The Republican Party has a long and well-documented history of voter suppression.

Donald Trump's threat to summon law enforcement officials to guard polling places recently echoed the same reasons that the Republican Party found itself under a multi-year consent decree beginning in 1982.

The Republican Party agreed to the consent decree rather than going to trial for engaging in multiple acts of voter suppression and violating the Civil Right Acts.

At the core of the lawsuit was the fact that, among other actions, the Republican Party dispatched off-duty police officers to patrol polling places in predominantly African-American and Latino neighborhoods.

Even though the RNC refused to admit wrong-doing in the case, they did not want it heard at trial, so instead entered into the consent decree and agreed to stop harassing and intimidating voters of color, by sending off-duty deputy sheriffs and local police officers who wore armbands and patrolled the polls in largely Black and Latino neighborhoods. Some displayed their firearms. Official-looking signs were posted at some precincts warning that voter fraud is a crime and that the task force was watching..

Over the next three decades, enough evidence of ongoing Republican voter suppression was presented to continue the consent decree until 2018, when a federal judge lifted the order.

The 2020 presidential election will be the first in nearly 40 years when the RNC isn’t bound by the terms of that 1982 decree.

In an interview Thursday with Fox News host Sean Hannity, Trump described law enforcement officers as part of a phalanx of authorities he hopes will monitor voting in November.

“We’re going to have everything,” the president said. “We’re going to have sheriffs, and we’re going to have law enforcement, and we’re going to hopefully have U.S. attorneys and we’re going to have everybody, and attorney generals."

Trump’s remarks are part of a pattern of comments in which he has suggested he is willing to take actions to impede how people cast their ballots this fall. He has repeatedly sought to undermine confidence in the November vote, making false claims about the integrity of mail-in balloting and raising the specter of widespread electoral fraud.

Earlier this month, he floated the idea of withholding election money from states and refusing funding for the U.S. Postal Service so as to curtail the use of voting by mail, which he believes may harm his chance at re-election.

Justin Clark, a senior lawyer on the Trump 2020 campaign, met with a group of Republican lawyers in Madison WI last November. He told them “Traditionally, it’s always been Republicans suppressing votes in places.” He went on to describe the RNC's plans to stamp our "voter fraud" in 2020: “It’s going to be a much bigger program, much more aggressive program, a better funded program.”

Clark, the Trump campaign lawyer, told the group of Republicans at that private Madison meeting that the end of the consent decree was “a huge, huge, huge, huge deal,” freeing the RNC to directly coordinate with campaigns and political committees on so-called "Election Day operations."

The president has limited authority to order law enforcement to patrol polling places. Sheriff’s deputies and police officers are commanded at the local level, and a federal law bars U.S. government officials from sending “armed men” to the vicinity of polling places.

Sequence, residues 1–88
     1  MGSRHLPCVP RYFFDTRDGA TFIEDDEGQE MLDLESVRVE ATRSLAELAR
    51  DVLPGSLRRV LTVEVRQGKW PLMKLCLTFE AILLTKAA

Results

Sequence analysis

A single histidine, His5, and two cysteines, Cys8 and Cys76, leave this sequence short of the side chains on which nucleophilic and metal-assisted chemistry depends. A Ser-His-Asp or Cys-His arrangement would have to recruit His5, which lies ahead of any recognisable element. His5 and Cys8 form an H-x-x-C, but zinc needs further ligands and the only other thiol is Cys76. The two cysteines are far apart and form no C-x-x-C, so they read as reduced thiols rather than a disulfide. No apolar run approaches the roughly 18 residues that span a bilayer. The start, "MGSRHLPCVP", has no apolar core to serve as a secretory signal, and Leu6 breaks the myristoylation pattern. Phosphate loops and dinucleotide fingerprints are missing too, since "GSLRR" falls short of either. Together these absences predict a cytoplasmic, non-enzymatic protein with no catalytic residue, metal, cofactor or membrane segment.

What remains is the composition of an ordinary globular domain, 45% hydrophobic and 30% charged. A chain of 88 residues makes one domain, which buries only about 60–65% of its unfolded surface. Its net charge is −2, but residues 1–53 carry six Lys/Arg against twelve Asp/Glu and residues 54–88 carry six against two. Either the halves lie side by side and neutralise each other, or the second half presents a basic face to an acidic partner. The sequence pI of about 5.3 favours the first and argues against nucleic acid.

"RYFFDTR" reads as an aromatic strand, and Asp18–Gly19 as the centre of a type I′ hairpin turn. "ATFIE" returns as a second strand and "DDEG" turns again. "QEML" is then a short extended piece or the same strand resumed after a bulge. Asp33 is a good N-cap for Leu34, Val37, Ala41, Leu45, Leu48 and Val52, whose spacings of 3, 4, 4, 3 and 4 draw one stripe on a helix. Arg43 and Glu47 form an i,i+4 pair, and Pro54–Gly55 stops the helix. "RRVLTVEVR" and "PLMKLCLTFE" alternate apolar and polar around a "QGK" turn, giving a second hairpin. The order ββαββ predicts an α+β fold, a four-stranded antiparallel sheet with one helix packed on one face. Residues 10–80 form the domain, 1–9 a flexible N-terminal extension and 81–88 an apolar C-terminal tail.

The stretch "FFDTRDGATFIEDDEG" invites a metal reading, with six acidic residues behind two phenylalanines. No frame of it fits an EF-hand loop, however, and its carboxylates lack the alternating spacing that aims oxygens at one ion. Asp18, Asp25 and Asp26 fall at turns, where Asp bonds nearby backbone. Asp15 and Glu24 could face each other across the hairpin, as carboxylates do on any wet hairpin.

But civil rights advocates said they feared Trump’s words could inspire local officials to act on his behalf. And they said even the threat of encountering police officers at the polls could be frightening to some voters, particularly in communities of color where residents are distrustful of the police.

“This is just such an old, dirty voter suppression tactic,” said Kristen Clarke, who leads the Lawyers’ Committee for Civil Rights Under Law. “There is no doubt that this is about instilling fear and depressing participation in communities of color.”

The Voting Rights Act outlaws the intimidation or coercion of voters, a provision adopted to combat long-standing tactics that were used in the Jim Crow South to prevent Black people from participating in elections. The tactics included deploying sheriff’s deputies and police officers to the polls.

Earlier this year, a conservative organization called True the Vote was recruiting former members of the military to go to polling places, according to Ed Hiner, a retired Navy SEAL who said he started the group’s “Continue to Serve” program.

Hiner said in an interview that he used the email lists from veterans associations to invite 2 million former military personnel to participate.

True the Vote alleges on its website that “radicalized leftist organizations are hard at work exploiting the weaknesses of our elector process.” Hiner has since left the organization after realizing how politicized it had become.

Federal law does not allow federal officials to station “armed men” in the vicinity of polling places, the Justice Department has determined that this means a U.S. attorney cannot order FBI agents or U.S. marshals to the polls.

The Justice Department does, however, deploy unarmed, specially trained observers and poll monitors — though the number of those people has declined because of a 2013 Supreme Court decision limiting the federal government’s role inside polling places on Election Day.

“Law enforcement’s first obligation around elections is to do no harm,” Democratic lawyer Marc Elias said. “So there is an appropriate role of law enforcement to ensure other people’s conduct isn’t preventing people from voting. It is not to engage in conduct themselves that could prevent people from voting.”

For voting assistance in Wisconsin, call the Voter Assistance Hotline.

To report election issues, Wisconsin Election Commission Complaints


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